One of the world's foremost documentary photographers offers an unflinching look at the inhuman conditions suffered by the mentally ill and disabled in many countries.
Series: William and Bettye Nowlin Endowment, in Art, History, and Culture of the Western Hemisphere
In some countries, they call them the "abandonados," the abandoned ones. They're the impoverished mentally ill and mentally disabled patients being warehoused in psychiatric asylums that are more run-down, more uncaring than the most brutal American prisons. Confined in cage-like cells, tied to beds soiled with human waste, medicated to the point of senselessness, or wandering naked in unheated and garage-like wards, they live in what can only be called the shadows, their plight unseen and too easily ignored by the rest of the human family.
Working first as a journalist, later as a volunteer for the human rights organization Mental Disability Rights International, photographer Eugene Richards gained access to psychiatric institutions in Mexico, Argentina, Armenia, Hungary, Paraguay, and Kosovo. His wrenchingly intimate images reveal the often inhumane treatment suffered by the mentally disabled. Offered little that would qualify as effective care, patients are denied even the most basic human amenities: privacy, protection from harm, clean clothing. Accompanying the book, A Procession of Them, is a DVD of a short film of the same name. Directed and narrated by Richards, this unique and expressionistic film speaks of the chaos, claustrophobia, and loneliness of these living hells.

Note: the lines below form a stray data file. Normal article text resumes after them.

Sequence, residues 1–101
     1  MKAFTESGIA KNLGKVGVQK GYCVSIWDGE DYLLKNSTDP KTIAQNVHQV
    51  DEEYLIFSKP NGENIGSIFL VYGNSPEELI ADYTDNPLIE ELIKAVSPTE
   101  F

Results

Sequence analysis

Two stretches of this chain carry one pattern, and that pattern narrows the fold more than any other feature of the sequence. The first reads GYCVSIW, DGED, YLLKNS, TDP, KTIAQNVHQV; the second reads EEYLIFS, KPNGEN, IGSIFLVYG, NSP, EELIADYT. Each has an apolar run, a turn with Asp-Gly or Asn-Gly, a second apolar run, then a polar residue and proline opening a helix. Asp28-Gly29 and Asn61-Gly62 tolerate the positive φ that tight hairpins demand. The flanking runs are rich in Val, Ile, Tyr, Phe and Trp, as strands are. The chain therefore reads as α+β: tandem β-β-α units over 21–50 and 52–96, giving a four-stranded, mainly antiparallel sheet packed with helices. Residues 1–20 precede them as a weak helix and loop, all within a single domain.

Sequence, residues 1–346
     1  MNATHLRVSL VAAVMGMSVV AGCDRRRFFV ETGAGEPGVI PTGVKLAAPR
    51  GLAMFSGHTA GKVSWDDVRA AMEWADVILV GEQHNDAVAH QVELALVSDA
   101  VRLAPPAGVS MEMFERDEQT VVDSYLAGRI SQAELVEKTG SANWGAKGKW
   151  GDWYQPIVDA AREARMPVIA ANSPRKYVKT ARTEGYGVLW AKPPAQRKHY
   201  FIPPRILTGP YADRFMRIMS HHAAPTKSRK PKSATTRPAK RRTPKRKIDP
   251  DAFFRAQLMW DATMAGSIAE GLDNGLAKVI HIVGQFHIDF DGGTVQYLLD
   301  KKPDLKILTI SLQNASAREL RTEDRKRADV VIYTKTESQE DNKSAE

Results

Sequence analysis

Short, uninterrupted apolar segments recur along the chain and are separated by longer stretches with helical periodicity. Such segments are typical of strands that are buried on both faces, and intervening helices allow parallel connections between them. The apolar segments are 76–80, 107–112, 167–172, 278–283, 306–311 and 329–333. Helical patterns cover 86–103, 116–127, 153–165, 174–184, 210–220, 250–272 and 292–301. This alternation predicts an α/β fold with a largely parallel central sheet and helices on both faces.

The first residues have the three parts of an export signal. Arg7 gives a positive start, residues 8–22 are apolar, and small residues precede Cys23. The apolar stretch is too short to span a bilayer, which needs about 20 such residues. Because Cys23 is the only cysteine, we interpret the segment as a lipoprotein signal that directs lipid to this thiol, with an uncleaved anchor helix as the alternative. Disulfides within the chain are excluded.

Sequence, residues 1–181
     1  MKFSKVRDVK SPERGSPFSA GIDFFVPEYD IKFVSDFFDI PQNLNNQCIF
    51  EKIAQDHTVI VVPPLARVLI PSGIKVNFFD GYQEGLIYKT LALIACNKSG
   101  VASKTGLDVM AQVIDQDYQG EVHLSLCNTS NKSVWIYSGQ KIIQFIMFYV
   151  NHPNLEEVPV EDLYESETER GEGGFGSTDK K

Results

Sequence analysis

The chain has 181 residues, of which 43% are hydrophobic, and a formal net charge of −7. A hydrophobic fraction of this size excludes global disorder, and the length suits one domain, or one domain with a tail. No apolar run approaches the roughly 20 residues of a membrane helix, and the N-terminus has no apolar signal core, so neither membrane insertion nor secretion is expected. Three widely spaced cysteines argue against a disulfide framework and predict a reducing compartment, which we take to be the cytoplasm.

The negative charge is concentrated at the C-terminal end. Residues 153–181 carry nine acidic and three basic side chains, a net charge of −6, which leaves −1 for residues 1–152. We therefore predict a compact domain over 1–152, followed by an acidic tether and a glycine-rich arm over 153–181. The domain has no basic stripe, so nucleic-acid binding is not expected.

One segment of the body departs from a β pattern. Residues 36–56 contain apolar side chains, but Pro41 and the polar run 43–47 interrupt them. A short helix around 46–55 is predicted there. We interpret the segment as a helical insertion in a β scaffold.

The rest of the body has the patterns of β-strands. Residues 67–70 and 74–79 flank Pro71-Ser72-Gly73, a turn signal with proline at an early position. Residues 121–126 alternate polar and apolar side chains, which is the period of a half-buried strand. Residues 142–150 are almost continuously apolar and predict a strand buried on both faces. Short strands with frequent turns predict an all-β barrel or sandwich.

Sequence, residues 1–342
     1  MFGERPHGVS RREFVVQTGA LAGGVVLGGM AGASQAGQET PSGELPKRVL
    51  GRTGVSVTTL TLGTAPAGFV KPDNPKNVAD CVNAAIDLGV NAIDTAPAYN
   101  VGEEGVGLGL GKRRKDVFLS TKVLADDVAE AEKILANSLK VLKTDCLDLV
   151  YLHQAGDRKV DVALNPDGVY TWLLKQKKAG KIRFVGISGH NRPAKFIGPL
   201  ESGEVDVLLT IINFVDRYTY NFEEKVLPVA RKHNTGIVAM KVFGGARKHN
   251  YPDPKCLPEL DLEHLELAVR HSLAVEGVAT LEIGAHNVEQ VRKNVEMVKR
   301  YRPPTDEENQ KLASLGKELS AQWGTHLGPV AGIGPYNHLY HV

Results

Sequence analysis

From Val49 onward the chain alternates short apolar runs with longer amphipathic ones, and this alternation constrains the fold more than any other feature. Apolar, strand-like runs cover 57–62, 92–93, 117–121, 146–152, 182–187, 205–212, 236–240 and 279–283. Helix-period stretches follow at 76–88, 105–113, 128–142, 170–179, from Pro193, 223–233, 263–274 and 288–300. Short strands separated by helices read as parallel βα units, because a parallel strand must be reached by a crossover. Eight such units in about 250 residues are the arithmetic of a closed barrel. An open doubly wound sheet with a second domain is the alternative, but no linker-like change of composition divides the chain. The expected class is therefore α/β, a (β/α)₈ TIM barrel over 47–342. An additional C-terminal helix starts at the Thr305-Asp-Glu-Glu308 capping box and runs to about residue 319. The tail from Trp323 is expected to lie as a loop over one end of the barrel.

Making us face some hard truths, A Procession of Them drives home the point that when it comes to the plight of the mentally disabled, "no one much cares." As Richards concludes, it's "as if there is a kind of worldwide agreement that once people are classified as mentally ill or mentally retarded, you're free to do to them what you want."
Amnesty International Photojournalism Award